The table in “Use cases” for “Distro Python in Docker” says “assuming the Docker image removes the marker file”, but the later recommendation section suggests that distros keep the marker in container images. From the discussion here, I understand the recommendation section to be the preferred option, so the table should probably be clarified to reflect that.
There is one bit of the spec I don’t fully understand, but maybe I have missed this somewhere else in the PEP. I’m trying to follow the recommendation for the distros. tl;dr I want pip to install to /usr/local/lib(64)/python3.X/site-packages for the users, but RPM to install to /usr/lib(64)/python3.X/site-packages. We currently do this already, but we use the same syconfig installation scheme – I understand that we will need to change that to have two schemes and I accept that.
To follow the specification, we will put the EXTERNALLY-MANAGED marker file to /usr/lib(64)/python3.X/ because that is what sysconfig.get_path("stdlib", sysconfig.get_default_scheme()) returns.
However, for the new installation scheme that uses /usr/local/lib(64)/python3.X/site-packages, stdlib is still located at /usr/lib(64)/python3.X – there is no stdlib in /usr/local/lib(64)/python3.X. How do we make the marker not affect installations to /usr/local/lib(64)/python3.X/site-packages?
There’s no way of doing that IIRC. If you mark an installation as externally managed, you won’t be able to install to any scheme that is enabled in that installation. You can keep carrying your sysconfig patching, but users will need to tell the installer to ignore this flag to install anything outside a virtual environment.
Exactly. And we want to mark a scheme externally managed, but the way to mark it is to put a marker file to the stdlib directory, which is unfortunately shared with other schemes. It would make my life much easier if I could put the marker to purelib or platlib instead.
It’s not like pip is ever going to install into stdlib anyway.
Ah I see. I don’t think the case of two schemes where part of the scheme is shared was considered in the discussion. Is this something new that Fedora is doing?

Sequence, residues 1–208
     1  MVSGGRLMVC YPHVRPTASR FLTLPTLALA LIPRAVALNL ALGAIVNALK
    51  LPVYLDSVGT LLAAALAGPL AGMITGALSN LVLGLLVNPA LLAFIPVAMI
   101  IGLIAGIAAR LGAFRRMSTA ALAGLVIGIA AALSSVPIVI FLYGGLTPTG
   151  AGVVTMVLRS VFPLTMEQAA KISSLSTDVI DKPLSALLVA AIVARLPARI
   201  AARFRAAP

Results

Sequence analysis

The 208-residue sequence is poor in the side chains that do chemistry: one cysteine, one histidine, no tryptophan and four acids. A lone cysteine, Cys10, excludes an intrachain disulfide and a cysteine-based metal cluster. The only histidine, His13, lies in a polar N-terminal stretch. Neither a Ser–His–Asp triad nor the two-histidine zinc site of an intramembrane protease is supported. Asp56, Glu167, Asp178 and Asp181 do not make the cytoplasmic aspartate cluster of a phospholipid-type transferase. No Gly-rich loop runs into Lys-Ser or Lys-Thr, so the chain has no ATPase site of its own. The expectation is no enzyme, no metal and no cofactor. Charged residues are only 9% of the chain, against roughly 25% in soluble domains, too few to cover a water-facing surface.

Probably not. But wasn’t that sort of the point? Because tools shouldn’t be installing there, the EXTERNALLY-MANAGED file is protected? If it’s in purelib, I could install a wheel that includes an EXTERNALLY-MANAGED file, and my environment would then be locked.
Anyway, I think it’s fair to say that this wasn’t something covered by the PEP so it needs a discussion and PEP revision if we want to allow it. I don’t personally have a strong opinion on this, so I’ll leave it to interested parties to agree how best to solve the issue.
Fedora is currently using one scheme. But when we experimented with two schemes, this was always the case. There is no standard library in /usr/local/... so the “local” scheme cannot point stdlib there.
If I recall the discussion at the time, this is intended by design. Libs installed to /usr/local/lib* still affect the entire Python installation, so it doesn’t make much difference to allow it and only disallow installing into /usr/lib*.
I’ve re-read Create separate distro and local directories and indeed it does not explicitly say whether the “local” directory should or should not be externally managed. However, in my head, it doesn’t make sense to have the “local” directory marked as externally managed if the external tool does not manage it.